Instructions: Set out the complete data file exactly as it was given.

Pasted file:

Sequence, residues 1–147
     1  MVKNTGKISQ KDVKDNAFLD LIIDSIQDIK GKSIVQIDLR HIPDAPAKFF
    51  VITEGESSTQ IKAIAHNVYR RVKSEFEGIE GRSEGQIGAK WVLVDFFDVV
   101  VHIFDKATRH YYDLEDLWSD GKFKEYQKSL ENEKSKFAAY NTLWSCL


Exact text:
Sequence, residues 1–147
     1  MVKNTGKISQ KDVKDNAFLD LIIDSIQDIK GKSIVQIDLR HIPDAPAKFF
    51  VITEGESSTQ IKAIAHNVYR RVKSEFEGIE GRSEGQIGAK WVLVDFFDVV
   101  VHIFDKATRH YYDLEDLWSD GKFKEYQKSL ENEKSKFAAY NTLWSCL